On 23 July, the Guardian reported that four residents in Haringey were ordered by police to remove their “White Silence is Violence” banner. One of them, Meghann Foster, spoke to Natalia Cassidy from Solidarity.
Why was it that the police contacted you and your housemates?
During June’s Black Lives Matter protests we made a sign that said “White silence is violence”, after which we hung it from our flat window facing out onto the street. We had no issues for a month until the police knocked on our door and said someone had complained about the banner and that we had to take it down. We decided not to do so as they couldn’t give us a proper legal reason why we must do so. They came back the next day and insisted we had to take it down citing public order but being vague as to which power they were asking we remove it under. The officer said we would have to go to the police station if we did not take it down.”
Do you think this is troubling for the freedom of speech and expression for those on the left?
Yes. We weren’t inciting violence, there was nothing abusive on the banner. It was clear the banner is part of the BLM movement and its clear what it means: that white people have to take a stand to be a part of the anti-racist movement. I think not being able to have that banner outside our window is a breach of our freedom of speech.
Why do you think that the police chose to take up this matter?
The police officer suggested someone had complained but proceeded to state his opinion that the banner was offensive to white people. I think the police feel particularly implicated by the BLM movement and so perhaps they feel having the opportunity to crack down on a house hanging a pro-BLM banner would help their cause, but it really shows them up to be what a lot of people already think they are.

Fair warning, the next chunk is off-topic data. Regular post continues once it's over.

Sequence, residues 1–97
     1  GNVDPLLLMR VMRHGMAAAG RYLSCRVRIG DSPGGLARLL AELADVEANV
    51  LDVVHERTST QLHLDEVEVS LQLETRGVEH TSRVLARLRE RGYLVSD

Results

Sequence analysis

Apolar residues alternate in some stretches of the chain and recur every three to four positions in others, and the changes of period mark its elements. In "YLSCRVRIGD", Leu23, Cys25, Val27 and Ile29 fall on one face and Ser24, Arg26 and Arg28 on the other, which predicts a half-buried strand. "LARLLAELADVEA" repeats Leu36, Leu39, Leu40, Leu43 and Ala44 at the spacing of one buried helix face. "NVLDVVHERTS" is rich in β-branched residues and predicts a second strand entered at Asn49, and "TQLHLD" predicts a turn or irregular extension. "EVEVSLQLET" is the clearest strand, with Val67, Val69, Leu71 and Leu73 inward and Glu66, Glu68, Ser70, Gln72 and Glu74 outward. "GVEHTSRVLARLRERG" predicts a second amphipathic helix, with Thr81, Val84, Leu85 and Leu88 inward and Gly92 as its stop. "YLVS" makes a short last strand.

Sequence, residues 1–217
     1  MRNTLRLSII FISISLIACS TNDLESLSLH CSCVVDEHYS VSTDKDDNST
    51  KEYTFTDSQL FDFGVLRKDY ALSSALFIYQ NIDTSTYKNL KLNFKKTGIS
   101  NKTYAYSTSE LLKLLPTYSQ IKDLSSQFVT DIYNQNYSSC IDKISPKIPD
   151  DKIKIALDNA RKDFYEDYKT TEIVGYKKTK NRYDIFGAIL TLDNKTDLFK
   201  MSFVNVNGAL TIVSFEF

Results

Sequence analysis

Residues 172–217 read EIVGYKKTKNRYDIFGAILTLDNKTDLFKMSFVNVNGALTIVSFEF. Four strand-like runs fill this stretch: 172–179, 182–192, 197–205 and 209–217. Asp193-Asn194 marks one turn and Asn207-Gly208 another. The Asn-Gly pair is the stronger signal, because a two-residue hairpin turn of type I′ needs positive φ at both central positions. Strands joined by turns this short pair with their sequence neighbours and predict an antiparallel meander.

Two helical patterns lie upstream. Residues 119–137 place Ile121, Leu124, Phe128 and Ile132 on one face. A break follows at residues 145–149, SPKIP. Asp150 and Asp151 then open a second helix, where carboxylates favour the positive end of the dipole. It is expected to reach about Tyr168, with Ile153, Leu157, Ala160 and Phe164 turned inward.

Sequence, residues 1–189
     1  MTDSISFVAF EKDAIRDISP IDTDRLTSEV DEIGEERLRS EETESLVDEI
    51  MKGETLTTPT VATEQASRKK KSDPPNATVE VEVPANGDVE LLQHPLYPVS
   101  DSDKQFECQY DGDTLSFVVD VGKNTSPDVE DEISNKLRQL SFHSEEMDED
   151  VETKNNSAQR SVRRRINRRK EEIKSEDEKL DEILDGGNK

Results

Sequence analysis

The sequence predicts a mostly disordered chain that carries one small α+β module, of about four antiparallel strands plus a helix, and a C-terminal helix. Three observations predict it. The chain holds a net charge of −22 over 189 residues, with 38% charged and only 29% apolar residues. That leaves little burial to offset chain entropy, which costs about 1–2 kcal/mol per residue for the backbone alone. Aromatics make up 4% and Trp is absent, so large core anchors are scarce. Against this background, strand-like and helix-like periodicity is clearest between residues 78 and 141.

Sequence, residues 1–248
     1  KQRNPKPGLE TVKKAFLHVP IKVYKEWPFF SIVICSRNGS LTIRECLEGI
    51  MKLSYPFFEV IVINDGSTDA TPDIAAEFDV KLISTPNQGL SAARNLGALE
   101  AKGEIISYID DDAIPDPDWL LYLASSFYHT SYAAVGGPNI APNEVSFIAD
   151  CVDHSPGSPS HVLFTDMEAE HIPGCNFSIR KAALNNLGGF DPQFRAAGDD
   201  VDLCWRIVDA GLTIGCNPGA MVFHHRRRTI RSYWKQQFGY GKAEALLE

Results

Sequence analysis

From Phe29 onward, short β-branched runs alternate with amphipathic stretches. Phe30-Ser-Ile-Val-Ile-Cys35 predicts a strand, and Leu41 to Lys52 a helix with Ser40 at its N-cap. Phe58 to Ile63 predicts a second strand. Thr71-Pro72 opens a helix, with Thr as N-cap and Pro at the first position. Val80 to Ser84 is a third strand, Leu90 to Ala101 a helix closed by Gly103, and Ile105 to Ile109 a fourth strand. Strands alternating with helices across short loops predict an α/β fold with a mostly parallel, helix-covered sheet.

What implications do you think this incident has for the broader BLM movement?
Luckily our encounter with the police was relatively fine as we are a group of four white women and other than the police shouting at us we didn’t have an especially negative experience. Unfortunately if it had been a black or brown person then the interaction may not have gone that way. It’s scary for people of colour in the movement that they are potentially unable to express themselves freely for fear of being targeted and reprimanded by the police.
How do you think this ties in with other projects that target the freedom of speech and expression particularly of people of colour such as the PREVENT legislation?
A lot of police legislation is very much racially coded and so it becomes very easy for police to target people of colour especially. Whether this is in the context of street policing or through institutions such as universities that work with the police to target students of colour. In the UK black boys are 4 times more likely to be stopped and searched by police officers. Black students are far more likely to be excluded from education.
I think we are being given a lot of media attention as white women that other people in the movement deserve more of, I particularly think the fact we are white makes us much more palatable to the Guardian’s middle class readership who are more likely to feel sympathy for us having to take our banner down than for those who are living in poverty or being murdered. Though I think we can make use of what little platform we do have to explain that its not about us its about the rights and freedoms of black people.
Is there anything you’d like to say or add?
Just a reminder to think when you encounter this story that we are four white women and to think about why it is we are being spoken about. It tends to be white people that get media space and momentum behind them and we don’t want to take platforms away from those who deserve it… although I’m all about wasting police time this very much isn’t about us as four white women and there’s a much bigger picture.
Our banner implores white people to get involved and stand against racism, we are showing solidarity and we want the police to know that this fight is a unified fight. Don’t let them focusing on white women make you forget that this is a unified fight, for white people and black people. Don’t let the police divide us.